Carbon fiber is an amazing material for bikes, but it’s not known as the most environmentally friendly. In order to try and make the build process a bit greener, Flying Machine is introducing their first line of made-to-measure carbon bicycles – the CBL series. Meaning Carbon Based Lifeforms, the CBL 1.0 and 2.0 are the first carbon bikes made in Australia by Flying Machine that offer true custom geometry with a tube-to-tube construction.

Maybe more notable than the addition of the custom bikes to their line up, the CBL series uses plant based epoxy resins rather than the far more common petroleum based resins. Specifically relying on SuperSap CLR which is a product of Entropy Resins, the green option supposedly releases 50% less green house gasses during production and is produced using renewable plant based materials that are co-products or byproducts of other industrial processes.

Found in the frame joints, top tube, seat stays, and chain stays, the plant based resin ‘biocarbon’ isn’t used for the entire frame, but if it performs as needed it seems like a step in the right direction…


FM-CustomCarbonFibre-CBL#104 FM-CustomCarbonFibre-CBL#107

The first bike out of the CBL series, the 1.0 uses a one piece top tube and seat stay section mated to a one piece head tube, down tube, and chain stay unit to create a “spring and beam” construction. The upper spring provides the comfort while the lower beam provides stiffness, which sounds similar to the construction ideology of other carbon frame manufacturers.


FM-CustomCarbonFibre-CBL#106 FM-CustomCarbonFibre-CBL#103

Equipped with disc brakes and thru axles front and rear, all of Flying Machine CBL bikes are made to order so the one shown above is as ordered by a customer. Base price for the frame starts at $3,979.29 USD – from there, nearly anything can be accommodated which means the sky’s the limit when it comes to the final price tag.


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Also available is the second CBL, the 2.0. Built using a more classic road geometry with disc brakes and quick releases front and rear, the 2.0 uses the same Biocarbon construction with Super Sap CLR epoxy resin and Toray T700 UD carbon fiber. Pricing for the 2.0 is a bit less, starting at $3654.45 for the frame and again will full custom geometry and builds available.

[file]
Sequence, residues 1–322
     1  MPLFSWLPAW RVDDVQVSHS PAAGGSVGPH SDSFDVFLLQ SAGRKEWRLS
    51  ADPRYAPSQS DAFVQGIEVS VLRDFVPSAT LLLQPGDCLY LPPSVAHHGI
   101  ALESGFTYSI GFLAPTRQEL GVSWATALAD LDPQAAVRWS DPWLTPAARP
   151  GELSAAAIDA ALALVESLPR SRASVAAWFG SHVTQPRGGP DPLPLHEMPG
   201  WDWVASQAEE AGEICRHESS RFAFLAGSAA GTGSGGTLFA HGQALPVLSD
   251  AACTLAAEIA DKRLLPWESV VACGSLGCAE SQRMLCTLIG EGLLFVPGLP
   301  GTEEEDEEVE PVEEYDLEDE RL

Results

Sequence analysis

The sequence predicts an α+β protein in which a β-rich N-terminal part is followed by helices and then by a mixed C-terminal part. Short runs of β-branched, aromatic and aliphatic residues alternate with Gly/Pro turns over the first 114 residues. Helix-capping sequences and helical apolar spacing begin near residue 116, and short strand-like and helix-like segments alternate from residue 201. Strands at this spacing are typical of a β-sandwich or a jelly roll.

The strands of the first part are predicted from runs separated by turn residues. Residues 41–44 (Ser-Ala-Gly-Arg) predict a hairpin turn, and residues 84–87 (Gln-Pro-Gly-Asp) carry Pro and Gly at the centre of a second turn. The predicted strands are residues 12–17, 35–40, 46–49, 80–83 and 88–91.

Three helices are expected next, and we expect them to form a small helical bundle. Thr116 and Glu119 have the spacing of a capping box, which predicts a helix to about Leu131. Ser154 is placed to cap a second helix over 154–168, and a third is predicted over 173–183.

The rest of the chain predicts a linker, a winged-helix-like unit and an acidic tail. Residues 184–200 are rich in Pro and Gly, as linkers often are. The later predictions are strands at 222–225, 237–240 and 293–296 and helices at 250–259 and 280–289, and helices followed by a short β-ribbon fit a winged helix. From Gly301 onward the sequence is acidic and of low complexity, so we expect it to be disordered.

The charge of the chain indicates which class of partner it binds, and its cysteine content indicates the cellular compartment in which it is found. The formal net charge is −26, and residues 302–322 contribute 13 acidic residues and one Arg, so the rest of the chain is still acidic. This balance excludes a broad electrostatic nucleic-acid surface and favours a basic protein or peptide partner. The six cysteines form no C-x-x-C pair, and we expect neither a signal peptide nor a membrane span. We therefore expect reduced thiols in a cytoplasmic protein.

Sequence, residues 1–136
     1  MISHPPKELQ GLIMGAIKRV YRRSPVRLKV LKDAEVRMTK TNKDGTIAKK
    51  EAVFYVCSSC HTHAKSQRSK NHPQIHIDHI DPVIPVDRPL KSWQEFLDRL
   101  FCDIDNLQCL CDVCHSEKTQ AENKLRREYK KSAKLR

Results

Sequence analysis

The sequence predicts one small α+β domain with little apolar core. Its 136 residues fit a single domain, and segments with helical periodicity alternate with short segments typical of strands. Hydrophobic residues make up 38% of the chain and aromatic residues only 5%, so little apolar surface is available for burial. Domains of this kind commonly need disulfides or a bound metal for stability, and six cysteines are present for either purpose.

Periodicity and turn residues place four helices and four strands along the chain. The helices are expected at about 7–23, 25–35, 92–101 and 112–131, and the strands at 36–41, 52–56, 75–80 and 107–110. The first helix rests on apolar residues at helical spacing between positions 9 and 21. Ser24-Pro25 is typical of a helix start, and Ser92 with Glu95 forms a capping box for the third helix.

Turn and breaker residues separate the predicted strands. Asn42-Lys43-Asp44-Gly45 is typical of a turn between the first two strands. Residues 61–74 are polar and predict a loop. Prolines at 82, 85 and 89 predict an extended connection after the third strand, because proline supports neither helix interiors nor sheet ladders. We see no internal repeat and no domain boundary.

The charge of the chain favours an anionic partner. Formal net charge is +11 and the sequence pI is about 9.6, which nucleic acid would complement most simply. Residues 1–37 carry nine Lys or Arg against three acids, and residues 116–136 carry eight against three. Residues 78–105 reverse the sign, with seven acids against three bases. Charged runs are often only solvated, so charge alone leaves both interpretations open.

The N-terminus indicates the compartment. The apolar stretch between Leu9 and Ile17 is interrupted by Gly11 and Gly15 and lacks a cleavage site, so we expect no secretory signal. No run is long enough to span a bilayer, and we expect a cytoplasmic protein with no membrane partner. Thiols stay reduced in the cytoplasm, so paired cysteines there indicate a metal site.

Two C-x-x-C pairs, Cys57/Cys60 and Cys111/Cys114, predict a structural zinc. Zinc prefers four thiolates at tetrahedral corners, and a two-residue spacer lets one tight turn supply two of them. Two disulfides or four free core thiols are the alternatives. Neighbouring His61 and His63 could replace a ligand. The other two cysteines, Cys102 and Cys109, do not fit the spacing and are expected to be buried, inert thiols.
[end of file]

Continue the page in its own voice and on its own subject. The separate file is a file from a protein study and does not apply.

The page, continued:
1. Really interested in seeing more sustainable options in bicycles. It’s a factor I give serious consideration to.

  2. Wow, that blue and black bike looks really, really cool!

    But did no one pick up that the seat is tilted down to the tune of about 3-4cm, and just looks ridiculous?

  3. Hmm… I don’t know much about resins and epoxies and such but I wonder about the relative ‘impact’ when longevity is taken into account. For example, the 100 miles less you get from a chain with a plant based lube has a far greater (negative) environmental impact than any gain from using said lube in the first place.

    Also, as someone who’s not an Aussie, the shipping around the world makes buying this for environmental reasons outright ridiculous.

  4. As someone who works in a bike shop down the road from Flying Machine, I can safely say they no nothing about how to actually setup a bike so it works properly… Wrongly indexed gears, rubbing brakes, loose headsets, the works.

  5. I use supersap CPM all the time, and have used many other resin systems over the years. The entrophy resin is good stuff, but there is literally nothing different in the construction process vs typical wet layup (not sure if prepreg is available with it), it is plug and play into any composite production process. SOOOOOOO many companies (the ski and snowboard ones are bad) use this stuff and try to hype it up as “super green” and “eco friendly” yada yada yada, all marketing BS. The big plus is that is much safer to work with in the long run for the people handling it, and that’s it. The ecological impact from composite products is in manufacturing waste and on the tail end in disposal, neither of which entrophy makes any difference, and in fact, Id make a big bet that prepreg construction is much more eco friendly than wet layups due to the reduced waste in layup. Long story short, its a pretty bunk premise to try to start a company on, as there is literally nothing proprietary or new here.

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